RONZONE: An obligation to stop premature births



Raquel Ronzone

Don’t bother with them. This was the message projected by Britain’s Nuffield Council on Bioethics in 2006. The organization declared that premature babies born before 22 weeks gestation should not be given intensive care treatment to keep them alive.

More surprising is the fact that news of it never reverberated shock waves across the sea to the United States, where debates on euthanasia, abortion and other right-to-live issues are as common as they are heated and divisive – and where prematurity is the leading cause of newborn death.

The Mayo Clinic defines premature or preterm births as those that occur before the due date, specifically three or more weeks less than the normal human gestational period of 40 weeks.

Prematurity affects about 12 percent of babies, and the complications of such births cause an estimated 30 percent of neonatal fatalities – deaths within the first 28 days of life – according to the March of Dimes.

The Mayo Clinic acknowledges that exact causes of premature births are unclear but lists common risk factors associated with it: pregnancy with multiples, smoking, alcohol or drug use, infections, high blood pressure, diabetes, underweight, overweight and obesity, domestic violence, stress and previous abortions. Pregnant women who are younger than 17 or older than 35 also face premature deliveries more frequently than women of other demographics do.

Since prematurity strikes pregnancy at the core, evicting babies from the best, most natural place of nourishment and development, its effects are diverse, with varying degrees of seriousness, and, according to recent research, potentially long-standing. Brain hemorrhages, intestinal and respiratory difficulties, anemia, hearing loss, asthma and infections can accompany premature births. Retinopathy of prematurity, an abnormal growth of blood vessels in the eye, can lead to permanent visual impairment or blindness altogether. Though sometimes treatable, developmental, behavioral, neurological and learning problems, such as cerebral palsy and statistically lower IQs, can affect premature babies throughout childhood and adulthood.

Unlike Britain’s Nuffield Council on Bioethics, medical or bioethical societies in the United States have yet to disclose formally a position on the care of premature babies. Given the severity and frequency of these births, however, one might suspect that preemies consistently receive intensive care to coax their frail one- or two-pound frames to a point of viability and thriving especially in the United States where prematurity runs rampant. A close look at the natal treatment administered by United States hospitals proves otherwise and shows indifference parallel to that of Britain.

An article by USA Today reported that only 23 percent of the babies born at 22 weeks received intensive care. But every moment in the womb makes a difference, in the health of the baby and the response of the medical team around him or her. The majority of babies – a more than generous 99 percent – born at 25 weeks received intensive care.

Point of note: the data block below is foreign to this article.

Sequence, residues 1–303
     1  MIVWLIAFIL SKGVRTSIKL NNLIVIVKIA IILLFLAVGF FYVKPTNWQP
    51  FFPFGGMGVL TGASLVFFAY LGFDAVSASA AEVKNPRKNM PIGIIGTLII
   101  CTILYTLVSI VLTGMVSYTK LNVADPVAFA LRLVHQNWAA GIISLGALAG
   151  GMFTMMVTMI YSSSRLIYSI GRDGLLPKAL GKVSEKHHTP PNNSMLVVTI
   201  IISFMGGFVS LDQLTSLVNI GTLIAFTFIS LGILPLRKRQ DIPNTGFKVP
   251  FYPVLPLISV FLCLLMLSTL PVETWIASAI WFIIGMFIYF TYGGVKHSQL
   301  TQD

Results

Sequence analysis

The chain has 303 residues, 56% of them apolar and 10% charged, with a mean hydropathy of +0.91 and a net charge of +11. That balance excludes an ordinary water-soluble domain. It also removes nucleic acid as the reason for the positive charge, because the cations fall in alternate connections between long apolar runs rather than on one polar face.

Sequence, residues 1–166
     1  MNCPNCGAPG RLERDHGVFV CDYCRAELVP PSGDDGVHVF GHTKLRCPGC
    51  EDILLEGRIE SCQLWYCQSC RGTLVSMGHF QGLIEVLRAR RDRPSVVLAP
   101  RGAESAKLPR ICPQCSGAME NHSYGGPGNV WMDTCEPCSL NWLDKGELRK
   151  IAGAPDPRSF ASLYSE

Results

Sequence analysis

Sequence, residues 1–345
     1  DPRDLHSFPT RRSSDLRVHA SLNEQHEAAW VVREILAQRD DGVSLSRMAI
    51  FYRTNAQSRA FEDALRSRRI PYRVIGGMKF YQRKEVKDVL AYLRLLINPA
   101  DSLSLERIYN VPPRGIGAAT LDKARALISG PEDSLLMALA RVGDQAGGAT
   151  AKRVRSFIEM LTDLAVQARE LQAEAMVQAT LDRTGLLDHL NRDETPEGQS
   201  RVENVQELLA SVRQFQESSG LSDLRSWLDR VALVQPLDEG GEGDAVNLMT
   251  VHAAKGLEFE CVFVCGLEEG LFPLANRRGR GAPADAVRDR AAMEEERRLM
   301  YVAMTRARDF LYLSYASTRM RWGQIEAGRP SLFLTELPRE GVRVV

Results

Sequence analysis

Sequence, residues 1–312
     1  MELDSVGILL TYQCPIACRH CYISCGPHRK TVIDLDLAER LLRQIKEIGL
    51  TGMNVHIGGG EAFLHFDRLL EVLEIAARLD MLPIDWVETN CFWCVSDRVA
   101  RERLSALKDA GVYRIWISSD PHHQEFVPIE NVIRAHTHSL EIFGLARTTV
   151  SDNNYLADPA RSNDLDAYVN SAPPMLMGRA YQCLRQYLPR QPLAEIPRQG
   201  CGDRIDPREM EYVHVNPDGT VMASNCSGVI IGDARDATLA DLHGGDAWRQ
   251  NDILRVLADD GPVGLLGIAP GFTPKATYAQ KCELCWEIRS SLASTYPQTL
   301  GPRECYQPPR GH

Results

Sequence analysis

The desire to help the most vulnerable babies seems obvious, almost instinctive. But reluctance to treat extremely premature babies with such serious measures might stem from financial reasons and concerns of effectiveness.

U.S. News and World Report stated that medical costs for healthy, full-term babies during their first year total an estimated $4,500. Employer health insurance covers $3,800 of that. For preemies, though, the cost increases exponentially – to about $50,000 – and employer health insurance pays roughly $46,000.

The March of Dimes reported the survival rates for premature babies: about 20 percent to 35 percent for those born at 23 weeks, about 50 percent to 70 percent for those born at 24 to 25 weeks and more than 90 percent for those born at 26 to 27 weeks.

The United States, Britain and other developed countries have access to the treatments needed to try to save premature babies. Legitimate worries about costs and likely impracticably – given the high rates of mortality and health complications – have impeded these efforts.

But the United States, for one, has failed to raise substantial awareness of prematurity and the importance of prenatal care in precluding it. It has also failed to publicize the factors – the at times, controllable, changeable medical conditions, lifestyle factors and demographic aspects – that contribute to prematurity.

Since the United States is reluctant to treat aggressively its most desperate population, it should at least educate expecting parents as a way to prevent premature births from occurring in the first place. Otherwise, the simultaneous neglect in instructing and refusal to treat newborns will continue the needless dying and suffering of babies.


Raquel Ronzone is a sophomore communication major from Philadelphia. She can be reached at [email protected].